Hilary Mason on the wisdom missing in the AI conversation
The O'Reilly Radar Podcast: Thinking critically about AI, modeling language, and overcoming hurdles.
This week, I sit down with Hilary Mason, who is a data scientist in residence at Accel Partners and founder and CEO of Fast Forward Labs. We chat about current research projects at Fast Forward Labs, adoption hurdles companies face with emerging technologies, and the AI technology ecosystem—what’s most intriguing for the short term and what will have the biggest long-term impact.
Here are some highlights:
There are a few things missing [from the AI conversation]. I think we tend to focus on the hype and eventual potential without thinking critically about how we get there and what can go wrong along the way. We have a very optimistic conversation, which is something I appreciate. I’m an optimist, and I’m very excited about all of this stuff, but we don’t really have a lot of critical work being done in things like how do we debug these systems, what are the consequences when they go wrong, how do we maintain them over time, and operationalize and monitor their quality and success, and what do we do when these systems infiltrate pieces of our lives where automation may have highly negative consequences. By that, I mean things like medicine or criminal justice. I think there’s a big conversation that is happening, but the wisdom still is missing. We haven’t gotten there yet.
Making the impossible possible
I’m particularly intrigued at the moment by being able to model language. That’s something where I think we can’t yet imagine the ultimate applications of these things, but it starts to make things that previously would have seemed impossible possible, things like automated novel writing, poetry, things that we would like to argue are purely human creative enterprises. It starts to make them seem like something we may one day be able to automate, which I’m personally very excited about.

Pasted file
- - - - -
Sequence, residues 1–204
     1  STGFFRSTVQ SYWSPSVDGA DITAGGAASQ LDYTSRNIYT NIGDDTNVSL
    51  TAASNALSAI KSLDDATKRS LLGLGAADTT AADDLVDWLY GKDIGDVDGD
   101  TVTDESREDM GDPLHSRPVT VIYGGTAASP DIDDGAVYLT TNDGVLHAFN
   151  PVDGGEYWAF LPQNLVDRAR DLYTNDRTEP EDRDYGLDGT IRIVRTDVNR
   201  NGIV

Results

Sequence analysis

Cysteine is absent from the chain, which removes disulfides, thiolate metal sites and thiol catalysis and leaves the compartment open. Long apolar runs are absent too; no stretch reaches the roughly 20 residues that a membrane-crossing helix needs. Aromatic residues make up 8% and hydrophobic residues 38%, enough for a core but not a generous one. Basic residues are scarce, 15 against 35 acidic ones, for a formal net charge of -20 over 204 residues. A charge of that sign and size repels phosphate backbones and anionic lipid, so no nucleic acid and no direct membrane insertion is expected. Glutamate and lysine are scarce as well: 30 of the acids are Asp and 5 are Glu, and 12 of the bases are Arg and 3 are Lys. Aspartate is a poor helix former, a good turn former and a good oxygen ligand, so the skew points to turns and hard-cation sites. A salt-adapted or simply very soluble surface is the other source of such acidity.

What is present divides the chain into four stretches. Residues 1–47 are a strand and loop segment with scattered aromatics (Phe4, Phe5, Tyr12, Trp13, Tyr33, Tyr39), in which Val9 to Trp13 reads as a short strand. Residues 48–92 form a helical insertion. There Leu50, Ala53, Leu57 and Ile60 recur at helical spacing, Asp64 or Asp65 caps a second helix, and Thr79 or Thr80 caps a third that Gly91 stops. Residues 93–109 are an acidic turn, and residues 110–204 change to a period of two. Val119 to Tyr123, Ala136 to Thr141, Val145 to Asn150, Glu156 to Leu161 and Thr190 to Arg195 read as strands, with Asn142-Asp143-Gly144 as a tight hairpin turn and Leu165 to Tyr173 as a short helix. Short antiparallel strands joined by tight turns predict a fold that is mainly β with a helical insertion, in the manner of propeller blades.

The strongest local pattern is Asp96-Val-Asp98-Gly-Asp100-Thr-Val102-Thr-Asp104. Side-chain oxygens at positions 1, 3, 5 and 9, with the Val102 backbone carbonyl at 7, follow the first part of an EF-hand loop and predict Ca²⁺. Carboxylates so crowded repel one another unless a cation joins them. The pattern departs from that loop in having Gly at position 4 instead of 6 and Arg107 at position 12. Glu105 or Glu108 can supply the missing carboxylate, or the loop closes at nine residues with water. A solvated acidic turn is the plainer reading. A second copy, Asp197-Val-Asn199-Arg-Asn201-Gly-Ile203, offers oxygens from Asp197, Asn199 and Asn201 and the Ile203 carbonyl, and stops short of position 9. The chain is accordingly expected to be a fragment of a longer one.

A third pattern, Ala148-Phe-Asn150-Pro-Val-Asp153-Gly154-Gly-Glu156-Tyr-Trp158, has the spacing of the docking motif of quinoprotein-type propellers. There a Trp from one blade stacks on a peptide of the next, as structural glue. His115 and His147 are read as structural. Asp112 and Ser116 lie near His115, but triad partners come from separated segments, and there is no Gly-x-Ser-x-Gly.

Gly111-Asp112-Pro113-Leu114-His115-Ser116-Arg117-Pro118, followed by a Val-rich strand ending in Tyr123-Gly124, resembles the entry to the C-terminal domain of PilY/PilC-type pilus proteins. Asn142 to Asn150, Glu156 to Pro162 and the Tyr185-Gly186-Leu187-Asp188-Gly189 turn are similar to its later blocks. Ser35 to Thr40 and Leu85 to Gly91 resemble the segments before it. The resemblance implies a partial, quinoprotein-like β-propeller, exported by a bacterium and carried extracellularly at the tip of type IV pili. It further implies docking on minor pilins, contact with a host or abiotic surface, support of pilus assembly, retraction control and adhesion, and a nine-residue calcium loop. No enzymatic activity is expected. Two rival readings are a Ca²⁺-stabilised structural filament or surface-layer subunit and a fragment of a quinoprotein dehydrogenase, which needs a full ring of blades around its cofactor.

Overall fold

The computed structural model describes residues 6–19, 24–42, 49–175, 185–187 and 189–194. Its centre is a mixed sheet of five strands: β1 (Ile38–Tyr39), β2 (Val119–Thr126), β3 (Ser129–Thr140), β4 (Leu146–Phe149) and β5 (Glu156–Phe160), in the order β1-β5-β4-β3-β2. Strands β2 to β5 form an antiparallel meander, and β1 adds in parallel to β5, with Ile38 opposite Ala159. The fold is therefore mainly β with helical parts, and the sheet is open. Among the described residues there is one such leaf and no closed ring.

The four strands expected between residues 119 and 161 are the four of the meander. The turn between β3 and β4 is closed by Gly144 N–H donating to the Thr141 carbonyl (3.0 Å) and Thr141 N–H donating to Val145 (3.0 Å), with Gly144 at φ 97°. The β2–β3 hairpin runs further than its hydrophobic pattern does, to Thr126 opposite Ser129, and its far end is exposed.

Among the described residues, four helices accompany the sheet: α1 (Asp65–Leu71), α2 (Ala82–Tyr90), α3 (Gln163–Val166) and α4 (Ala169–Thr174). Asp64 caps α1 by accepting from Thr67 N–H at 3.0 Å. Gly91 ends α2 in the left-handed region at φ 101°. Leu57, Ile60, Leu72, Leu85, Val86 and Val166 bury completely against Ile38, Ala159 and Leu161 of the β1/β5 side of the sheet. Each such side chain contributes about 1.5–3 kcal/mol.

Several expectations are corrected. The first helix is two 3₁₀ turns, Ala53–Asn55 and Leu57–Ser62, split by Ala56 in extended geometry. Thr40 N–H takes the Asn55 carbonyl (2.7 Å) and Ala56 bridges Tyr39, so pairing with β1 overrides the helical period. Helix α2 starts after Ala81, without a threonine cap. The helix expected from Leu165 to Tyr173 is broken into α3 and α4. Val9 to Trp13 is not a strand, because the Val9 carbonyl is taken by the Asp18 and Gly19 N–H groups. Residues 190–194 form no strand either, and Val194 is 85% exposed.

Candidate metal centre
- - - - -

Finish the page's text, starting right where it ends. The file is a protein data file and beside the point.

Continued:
The impact question is a really good one, and I think it is not one technology that will have that impact. It’s the same reason we’re starting to see all these different AI products pop up. It’s the ensemble of all of the techniques that are falling under this umbrella together that is going to have that kind of impact and enable applications like the Google Photos app, which is my favorite AI product, or self-driving cars or things like Amazon’s Alexa, but actually smarter. That’s a collection of different techniques.
Making sentences and languages computable
We’ve done a project in automated summarization that I’m very excited about—that is applying neural networks to text, where you can put in a single article and it will extract; this is extractive summarization. It extracts sentences from that article that, combined together, contain the same information in the article as a whole.
We also have another formulation of the problem, which is multi-document summarization, where we apply this to Amazon product reviews. You can put in 5,000 reviews, and it will tell you these reviews tend to cluster in these 10 ways, and for each cluster, here’s the summary of that cluster review. It gives you the capability to read or understand thousands of documents very quickly. … I think we’re going to see a ton of really interesting things built on the techniques that underlie that. It’s not just summarization, but it’s making sentences and languages computable.
I think the biggest adoption hurdle [for emerging technologies]—there are two that I’ll say. The one is that sometimes these technologies get used because they’re cool, not because they’re useful. If you build something that’s not useful, people don’t want to use it. That can be a struggle.
The second thing is that people are generally resistant to change. When you’re in an organization and you’re trying to advocate for the use of a new technology to make the organization more efficient, you will likely run into friction. In those situations, it’s a matter of time and making the people who are most resistant look good.